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Five Considerations when Undertaking Commercial Property Improvement Works

The commercial property market has had its ups and downs over the last 18 months due to uncertainty in the economy, Brexit and the unexpected general election. Thankfully, the North West is faring relatively well with an active construction sector and property prices still showing healthy increases.

One trend that we have really noticed over recent months in particular is people investing in upgrades and improvement works to their existing properties. Whether this has been driven by economic uncertainty, with people preferring the perceived ‘less riskier’ option of improving existing property rather than moving, or whether the lack of good quality commercial buildings available to buy in suitable locations is also proving an influential factor, we’ve certainly seen a big increase in major redevelopment works.

Although such projects can be fruitful for all concerned, there are many junctures at which things can go wrong – and seriously!

Here are 5 things you should consider when undertaking property improvement and adaptation projects:

 

1. Reduce disruption

If you are planning improvement works to a site from which your business is already operating, you will need to sequence the works sensibly to ensure business continuity. This is more difficult than it sounds – staff often don’t like change at the best of times so disrupting their ways and means of working whilst perhaps being in a more cramped temporary working environment can be troublesome. Professional planning and coordination is required to ensure the least possible downtime for your staff and to maximise profits whilst the works are undertaken at your property.

 

2. Stay Compliant

There is so much legislation to be aware of these days with consideration needed with regard to Planning Permission, Building Regulations, Asbestos Regulations and the Construction (Design & Management) Regulations. The CDM Regulations relate to health and safety and require a Principal Designer to be appointed, which is usually a professional consultant.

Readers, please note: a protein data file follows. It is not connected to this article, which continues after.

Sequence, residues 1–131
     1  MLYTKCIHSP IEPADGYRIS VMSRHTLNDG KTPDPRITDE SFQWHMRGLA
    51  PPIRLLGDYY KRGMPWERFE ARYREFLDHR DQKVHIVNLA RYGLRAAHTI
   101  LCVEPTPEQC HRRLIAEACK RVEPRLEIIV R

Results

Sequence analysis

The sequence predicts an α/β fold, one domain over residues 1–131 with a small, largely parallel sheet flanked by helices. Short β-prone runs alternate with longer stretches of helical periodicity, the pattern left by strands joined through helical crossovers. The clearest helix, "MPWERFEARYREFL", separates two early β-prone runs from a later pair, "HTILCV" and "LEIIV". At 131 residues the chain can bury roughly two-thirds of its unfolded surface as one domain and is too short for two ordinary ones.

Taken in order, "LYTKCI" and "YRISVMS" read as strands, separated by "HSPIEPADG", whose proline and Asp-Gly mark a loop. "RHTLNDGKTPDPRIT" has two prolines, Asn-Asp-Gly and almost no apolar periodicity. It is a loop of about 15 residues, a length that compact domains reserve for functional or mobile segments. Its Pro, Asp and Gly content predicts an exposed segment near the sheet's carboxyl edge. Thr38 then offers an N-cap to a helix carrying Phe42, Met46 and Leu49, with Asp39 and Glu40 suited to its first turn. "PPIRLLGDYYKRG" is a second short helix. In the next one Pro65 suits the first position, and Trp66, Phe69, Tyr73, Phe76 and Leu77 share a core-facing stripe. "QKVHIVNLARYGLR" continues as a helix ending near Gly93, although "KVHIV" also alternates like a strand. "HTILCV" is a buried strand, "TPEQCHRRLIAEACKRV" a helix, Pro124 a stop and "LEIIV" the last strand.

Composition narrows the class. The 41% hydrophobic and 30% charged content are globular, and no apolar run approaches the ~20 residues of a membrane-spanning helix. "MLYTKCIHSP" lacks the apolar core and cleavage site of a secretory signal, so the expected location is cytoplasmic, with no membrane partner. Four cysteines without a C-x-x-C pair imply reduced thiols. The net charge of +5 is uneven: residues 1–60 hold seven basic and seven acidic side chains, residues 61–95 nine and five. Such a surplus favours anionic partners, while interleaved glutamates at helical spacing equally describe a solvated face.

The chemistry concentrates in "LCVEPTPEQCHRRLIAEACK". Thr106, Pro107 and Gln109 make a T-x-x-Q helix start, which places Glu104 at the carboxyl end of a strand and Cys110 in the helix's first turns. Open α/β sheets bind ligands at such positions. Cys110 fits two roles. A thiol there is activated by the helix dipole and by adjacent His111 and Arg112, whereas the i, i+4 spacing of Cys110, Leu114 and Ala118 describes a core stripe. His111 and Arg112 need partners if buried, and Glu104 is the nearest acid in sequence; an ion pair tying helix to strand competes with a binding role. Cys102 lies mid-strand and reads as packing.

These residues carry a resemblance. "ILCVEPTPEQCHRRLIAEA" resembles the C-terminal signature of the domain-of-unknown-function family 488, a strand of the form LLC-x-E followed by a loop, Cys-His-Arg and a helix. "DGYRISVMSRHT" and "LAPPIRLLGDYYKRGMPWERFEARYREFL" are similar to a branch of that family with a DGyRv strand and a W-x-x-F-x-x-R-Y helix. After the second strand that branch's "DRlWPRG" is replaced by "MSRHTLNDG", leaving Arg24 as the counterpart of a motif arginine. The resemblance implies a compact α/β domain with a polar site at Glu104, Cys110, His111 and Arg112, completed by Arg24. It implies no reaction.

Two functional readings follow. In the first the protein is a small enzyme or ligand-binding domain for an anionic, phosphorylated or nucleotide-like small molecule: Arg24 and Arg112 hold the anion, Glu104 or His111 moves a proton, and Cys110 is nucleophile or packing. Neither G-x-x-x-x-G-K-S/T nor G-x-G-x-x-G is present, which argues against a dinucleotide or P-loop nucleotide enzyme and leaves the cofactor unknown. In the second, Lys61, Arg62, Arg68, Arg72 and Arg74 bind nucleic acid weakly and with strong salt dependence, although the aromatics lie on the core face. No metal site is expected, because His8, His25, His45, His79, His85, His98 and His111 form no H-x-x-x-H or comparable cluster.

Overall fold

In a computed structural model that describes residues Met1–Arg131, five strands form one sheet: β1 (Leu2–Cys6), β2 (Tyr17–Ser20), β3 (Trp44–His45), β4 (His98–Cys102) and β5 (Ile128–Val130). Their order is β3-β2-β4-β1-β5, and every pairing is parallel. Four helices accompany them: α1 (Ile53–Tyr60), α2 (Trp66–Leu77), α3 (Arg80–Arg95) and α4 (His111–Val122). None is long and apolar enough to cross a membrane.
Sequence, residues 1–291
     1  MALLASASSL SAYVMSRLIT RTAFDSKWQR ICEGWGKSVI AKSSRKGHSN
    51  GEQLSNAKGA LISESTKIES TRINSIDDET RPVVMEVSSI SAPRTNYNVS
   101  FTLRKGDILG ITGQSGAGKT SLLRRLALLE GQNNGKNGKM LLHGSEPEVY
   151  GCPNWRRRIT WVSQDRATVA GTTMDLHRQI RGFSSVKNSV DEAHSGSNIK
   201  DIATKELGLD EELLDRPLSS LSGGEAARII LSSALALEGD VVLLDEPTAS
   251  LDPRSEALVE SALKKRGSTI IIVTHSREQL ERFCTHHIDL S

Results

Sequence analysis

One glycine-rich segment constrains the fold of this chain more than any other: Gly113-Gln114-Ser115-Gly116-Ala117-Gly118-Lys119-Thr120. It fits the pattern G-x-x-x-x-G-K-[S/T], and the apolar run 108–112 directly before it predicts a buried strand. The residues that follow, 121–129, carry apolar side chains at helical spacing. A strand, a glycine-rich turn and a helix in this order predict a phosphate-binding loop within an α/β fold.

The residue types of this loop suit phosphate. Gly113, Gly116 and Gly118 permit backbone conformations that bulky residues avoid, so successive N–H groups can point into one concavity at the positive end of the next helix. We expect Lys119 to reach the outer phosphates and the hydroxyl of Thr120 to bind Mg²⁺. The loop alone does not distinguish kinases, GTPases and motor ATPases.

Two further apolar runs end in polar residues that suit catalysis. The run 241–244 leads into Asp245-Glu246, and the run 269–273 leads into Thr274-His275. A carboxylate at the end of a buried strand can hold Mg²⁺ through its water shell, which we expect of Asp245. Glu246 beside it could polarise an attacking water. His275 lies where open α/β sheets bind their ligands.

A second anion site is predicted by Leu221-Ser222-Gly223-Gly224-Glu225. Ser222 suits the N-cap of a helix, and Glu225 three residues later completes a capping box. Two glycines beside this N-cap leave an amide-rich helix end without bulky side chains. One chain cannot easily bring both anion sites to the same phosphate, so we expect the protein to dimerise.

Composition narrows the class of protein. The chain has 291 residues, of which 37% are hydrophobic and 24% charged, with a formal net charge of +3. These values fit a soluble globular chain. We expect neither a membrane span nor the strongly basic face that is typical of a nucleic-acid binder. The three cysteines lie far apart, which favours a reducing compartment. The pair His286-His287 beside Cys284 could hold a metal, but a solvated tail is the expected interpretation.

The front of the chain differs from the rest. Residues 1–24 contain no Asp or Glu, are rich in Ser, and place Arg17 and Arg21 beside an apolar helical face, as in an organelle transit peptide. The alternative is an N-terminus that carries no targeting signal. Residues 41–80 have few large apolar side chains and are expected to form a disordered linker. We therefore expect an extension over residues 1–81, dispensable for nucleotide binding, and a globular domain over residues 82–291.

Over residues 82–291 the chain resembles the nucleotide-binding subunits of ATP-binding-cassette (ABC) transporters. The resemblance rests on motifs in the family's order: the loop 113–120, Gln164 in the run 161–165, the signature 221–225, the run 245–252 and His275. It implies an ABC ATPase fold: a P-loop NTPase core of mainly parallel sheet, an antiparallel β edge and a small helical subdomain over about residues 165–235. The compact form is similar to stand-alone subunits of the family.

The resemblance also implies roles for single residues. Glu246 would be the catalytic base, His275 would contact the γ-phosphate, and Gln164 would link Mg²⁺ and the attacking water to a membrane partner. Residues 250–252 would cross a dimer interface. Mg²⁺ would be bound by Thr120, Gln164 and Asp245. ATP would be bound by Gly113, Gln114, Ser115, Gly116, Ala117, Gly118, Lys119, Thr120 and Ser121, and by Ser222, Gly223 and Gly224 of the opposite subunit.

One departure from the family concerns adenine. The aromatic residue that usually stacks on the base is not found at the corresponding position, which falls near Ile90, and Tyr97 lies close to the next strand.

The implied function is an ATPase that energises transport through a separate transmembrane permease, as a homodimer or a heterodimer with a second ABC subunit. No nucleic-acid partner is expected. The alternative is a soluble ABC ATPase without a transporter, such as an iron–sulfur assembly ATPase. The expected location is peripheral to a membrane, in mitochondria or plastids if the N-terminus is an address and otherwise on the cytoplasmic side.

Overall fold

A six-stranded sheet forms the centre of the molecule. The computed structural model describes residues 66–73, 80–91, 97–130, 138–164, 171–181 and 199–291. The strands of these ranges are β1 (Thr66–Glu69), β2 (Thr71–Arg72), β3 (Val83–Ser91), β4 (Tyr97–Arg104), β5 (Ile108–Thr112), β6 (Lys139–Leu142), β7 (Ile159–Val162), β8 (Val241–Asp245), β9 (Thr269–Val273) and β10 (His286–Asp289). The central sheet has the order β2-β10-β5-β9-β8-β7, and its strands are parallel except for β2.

3. Choose your contractors carefully

Finding reliable contractors is notoriously difficult. Do seek recommendations and be sure to ask for examples of recent work – going to view previous projects in person if possible. Ensure that they are competent in undertaking the Principal Contractor role under the CDM Regulations and that they have appropriate insurances in place.

 

4. Be clear from the start

Be aware that the price you’re quoted at the outset of a job may not be the final figure you end up paying! Unless provided with drawings and specifications, contractors will make assumptions and exclusions when quoting for a project – so it’s important to have a detailed written schedule and then all parties know where they stand from the beginning. Ensure that all aspects are accounted for, so that surprises aren’t encountered later down the line!

 

5. Manage accordingly

Building projects often overrun to time or exceed budget so unless you’re prepared to be flexible, you’ll need to keep a close eye on both. You’ll also need to account for the project overrunning if you’re relying on a set end date for your business’ needs. Whilst project management services can come at an additional cost than trying to oversee the works yourself, additional spend is often recouped several times over if a project is delivered on time and to budget.

 

Lea Hough offer a full range of property consultancy, from assessing feasibility of works, design drawings and specifications, tendering to contractors through to project management. For more information or to speak to one of our Chartered Surveyors about a commercial property improvement project, please contact us.

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